Cannabis Induced Psychosis – Symptoms, Causes, and How to Treat It

Cannabis induced psychosis

Although it isn’t classified as an illness, psychosis is a serious mental condition that requires attention.

When talking about psychosis triggered by the use of cannabis, it’s important to note that this acute state can manifest with severe symptoms, but will usually resolve once the drug is out of the system.

However, the scientific research done in the field presents a pretty strong consensus. There is no room for controversy: a psychotic episode should be an immediate warning sign to stop marijuana abuse.

People with a psychological susceptibility to mental disorders should avoid any substance abuse, including cannabis.

In some cases, this type of proneness is also connected with a higher risk of developing complex illnesses such as schizophrenia or bipolar disorder, especially if there is a genetic predisposition.

In this article, we’ll try to sum up the latest studies that exploit this subject and bring you the essential facts you should know about cannabis induced psychosis.


When experiencing a psychotic episode while high, an individual is always separated from reality in some form. Different manifestations include:


A delusional person has false beliefs, despite strong evidence that speak otherwise. Common delusions in marijuana induced psychosis are paranoia, extreme suspicion, and a sense of grandiosity (believing that you can do more than you are capable of).


One perceives things that contradict reality via different senses (visual and auditory are the most usual).

Dissociation from the real world

Dissociation is a sense of being detached from reality. It can manifest as depersonalization (having a feeling that you are outside of your body) and derealization (believing that objects around you are not real).

 Inability to organize thoughts

Another manifestation is having disturbing thoughts and little control over them, followed by a difficulty to focus and speak in a rational order.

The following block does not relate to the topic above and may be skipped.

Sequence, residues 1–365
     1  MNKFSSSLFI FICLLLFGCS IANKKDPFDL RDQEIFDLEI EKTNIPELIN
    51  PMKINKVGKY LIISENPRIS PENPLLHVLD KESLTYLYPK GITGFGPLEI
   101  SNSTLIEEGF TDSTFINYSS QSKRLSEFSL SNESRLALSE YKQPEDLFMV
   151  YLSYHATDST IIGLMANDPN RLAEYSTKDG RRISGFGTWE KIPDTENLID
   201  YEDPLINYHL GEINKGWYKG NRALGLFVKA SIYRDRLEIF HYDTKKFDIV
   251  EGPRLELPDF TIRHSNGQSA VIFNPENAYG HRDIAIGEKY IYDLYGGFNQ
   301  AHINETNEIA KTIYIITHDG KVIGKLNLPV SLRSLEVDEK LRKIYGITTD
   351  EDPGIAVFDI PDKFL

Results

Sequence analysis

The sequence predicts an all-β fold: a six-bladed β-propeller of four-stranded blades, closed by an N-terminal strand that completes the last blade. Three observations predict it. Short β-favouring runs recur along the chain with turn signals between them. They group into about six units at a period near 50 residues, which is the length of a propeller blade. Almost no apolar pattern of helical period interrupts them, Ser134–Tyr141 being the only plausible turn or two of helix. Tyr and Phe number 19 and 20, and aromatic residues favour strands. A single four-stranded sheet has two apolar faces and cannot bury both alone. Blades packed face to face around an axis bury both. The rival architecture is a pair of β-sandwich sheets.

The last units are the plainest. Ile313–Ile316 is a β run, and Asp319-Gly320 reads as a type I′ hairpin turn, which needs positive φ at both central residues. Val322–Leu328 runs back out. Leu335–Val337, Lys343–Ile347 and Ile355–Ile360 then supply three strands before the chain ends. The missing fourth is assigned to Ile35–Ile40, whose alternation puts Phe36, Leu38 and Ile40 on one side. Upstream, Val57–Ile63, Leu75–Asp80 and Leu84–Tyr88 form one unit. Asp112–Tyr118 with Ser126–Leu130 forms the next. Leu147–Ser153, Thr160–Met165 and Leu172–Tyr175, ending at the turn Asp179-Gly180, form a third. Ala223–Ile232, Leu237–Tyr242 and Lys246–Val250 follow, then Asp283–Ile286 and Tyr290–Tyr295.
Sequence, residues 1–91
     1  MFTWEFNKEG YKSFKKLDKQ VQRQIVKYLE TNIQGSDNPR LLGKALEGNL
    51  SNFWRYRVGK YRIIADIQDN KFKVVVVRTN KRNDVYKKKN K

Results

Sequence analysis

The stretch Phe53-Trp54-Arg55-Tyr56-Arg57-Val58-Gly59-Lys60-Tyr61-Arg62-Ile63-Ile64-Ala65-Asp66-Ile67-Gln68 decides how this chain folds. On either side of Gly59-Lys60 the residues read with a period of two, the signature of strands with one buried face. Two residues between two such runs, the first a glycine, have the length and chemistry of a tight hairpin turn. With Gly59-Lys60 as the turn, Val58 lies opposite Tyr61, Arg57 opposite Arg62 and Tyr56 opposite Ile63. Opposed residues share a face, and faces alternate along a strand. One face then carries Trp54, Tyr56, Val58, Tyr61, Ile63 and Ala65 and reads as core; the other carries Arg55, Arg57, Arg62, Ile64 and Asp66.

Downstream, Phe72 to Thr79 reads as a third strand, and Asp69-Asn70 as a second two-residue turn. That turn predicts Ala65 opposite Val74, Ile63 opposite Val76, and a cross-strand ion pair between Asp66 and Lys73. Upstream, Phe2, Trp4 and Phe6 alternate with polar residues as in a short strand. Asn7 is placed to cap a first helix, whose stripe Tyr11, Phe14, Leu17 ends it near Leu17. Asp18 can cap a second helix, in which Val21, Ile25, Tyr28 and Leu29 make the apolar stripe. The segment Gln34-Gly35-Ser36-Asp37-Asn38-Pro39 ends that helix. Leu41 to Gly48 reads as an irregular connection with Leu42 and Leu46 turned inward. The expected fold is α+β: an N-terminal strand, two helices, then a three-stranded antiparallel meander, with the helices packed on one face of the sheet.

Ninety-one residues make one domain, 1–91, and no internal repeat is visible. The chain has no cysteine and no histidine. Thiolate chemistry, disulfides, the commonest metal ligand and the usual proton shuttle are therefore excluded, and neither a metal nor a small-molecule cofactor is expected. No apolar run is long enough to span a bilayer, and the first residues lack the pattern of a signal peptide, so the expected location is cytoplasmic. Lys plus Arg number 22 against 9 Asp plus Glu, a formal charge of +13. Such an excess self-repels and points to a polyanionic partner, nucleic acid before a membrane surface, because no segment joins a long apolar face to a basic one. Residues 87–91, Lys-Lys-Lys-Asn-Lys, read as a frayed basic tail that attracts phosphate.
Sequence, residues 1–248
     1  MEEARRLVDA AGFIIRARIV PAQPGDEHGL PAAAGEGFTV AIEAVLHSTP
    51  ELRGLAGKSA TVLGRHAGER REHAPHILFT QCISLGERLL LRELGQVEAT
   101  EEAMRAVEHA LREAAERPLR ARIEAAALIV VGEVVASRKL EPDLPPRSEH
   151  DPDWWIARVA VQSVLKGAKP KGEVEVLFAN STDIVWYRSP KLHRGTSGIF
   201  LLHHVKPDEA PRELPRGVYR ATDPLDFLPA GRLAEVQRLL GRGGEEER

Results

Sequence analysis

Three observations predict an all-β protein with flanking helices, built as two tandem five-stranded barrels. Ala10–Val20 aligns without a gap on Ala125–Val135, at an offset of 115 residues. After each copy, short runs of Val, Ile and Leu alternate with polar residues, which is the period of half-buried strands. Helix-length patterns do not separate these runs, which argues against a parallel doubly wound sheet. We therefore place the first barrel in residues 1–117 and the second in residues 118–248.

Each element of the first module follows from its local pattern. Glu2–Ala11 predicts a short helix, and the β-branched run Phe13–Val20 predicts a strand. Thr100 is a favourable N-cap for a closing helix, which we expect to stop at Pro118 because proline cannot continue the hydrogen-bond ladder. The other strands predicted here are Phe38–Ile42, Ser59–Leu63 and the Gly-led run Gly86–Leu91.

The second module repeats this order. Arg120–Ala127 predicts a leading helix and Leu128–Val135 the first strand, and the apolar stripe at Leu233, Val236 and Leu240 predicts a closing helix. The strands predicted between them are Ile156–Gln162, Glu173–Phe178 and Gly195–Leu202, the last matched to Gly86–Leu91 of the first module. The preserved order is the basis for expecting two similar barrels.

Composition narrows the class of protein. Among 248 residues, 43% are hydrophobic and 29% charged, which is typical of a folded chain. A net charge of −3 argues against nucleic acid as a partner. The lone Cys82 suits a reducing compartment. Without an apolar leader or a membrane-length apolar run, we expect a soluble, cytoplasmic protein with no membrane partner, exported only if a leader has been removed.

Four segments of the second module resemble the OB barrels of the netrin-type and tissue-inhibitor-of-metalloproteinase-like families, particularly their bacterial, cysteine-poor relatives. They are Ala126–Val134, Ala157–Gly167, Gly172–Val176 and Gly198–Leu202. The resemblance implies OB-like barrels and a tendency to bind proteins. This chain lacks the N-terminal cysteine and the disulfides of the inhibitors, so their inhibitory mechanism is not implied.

Emotional extremes and behavioral changes

If the above are present in a psychosis episode, a person typically has exaggerated effects, characterized by anger and agitation, or, on the other end of the spectrum, by a lack of any effect whatsoever (catatonic behavior).

Although it doesn’t necessarily mean that a psychotic is dangerous, many of these symptoms can lead to risky behavior.

For example, paranoia can trigger the need to defend oneself, which could end up in an over-aggressive attitude. A delusion of grandiosity can immerse a person in actions that are potentially self-harming.

Naturally, in these cases, it is crucial to seek help and prevent further accidents.


Typically, marijuana-induced symptoms emerge without much warning. But there can be some indications, which are defined as a pre-psychosis or early psychosis. Some of the signs are:

  • Depression
  • Anxiety
  • Paranoia
  • Withdrawal
  • Inappropriately strong emotional reactions
  • Emotional indifference
  • Inability to formulate logical speech

Is cannabis induced psychosis permanent?

As we said, the psychotic state introduced by weed is usually acute and has a limited duration (during consumption, withdrawal, or a month after it). Once the THC has left one’s system, the symptoms should disappear.

Nevertheless, this type of individual reaction could implicate vulnerability to mental disorders, thus having a chance to reoccur. People reported repeated psychotic episodes each time they smoked weed.

In some cases, usually with an underlying mental disease, the episodes can develop into a chronic state that requires complex medical treatment.

What causes cannabis induced psychosis?

Delta-9-tetrahydrocannabinol (THC) is well-known for its psychotomimetic effect. This component of cannabis can produce symptoms similar to those found in “real” psychosis, which are characteristic of schizophrenic fits, for example.

THC interferes with the normal functioning of the brain by disrupting the flow of signals among its cells, normally regulated by endocannabinoids, explained Beat Lutz, a neurochemist at the University of Mainz. Upsetting this vital flow of information produces depression, anxiety disorders, epileptic fits, and psychosis.

Curiously enough, the other component of cannabis – Cannabidiol (CBD) appears to have the opposite effect. Scientists are researching its possible usage as an antipsychotic drug.

Professor Philip McGuire, from King’s College London’s Institute of Psychiatry, Psychology, and Neuroscience, was the lead author of the study that aimed to explore alternatives to conventional antipsychotic drugs.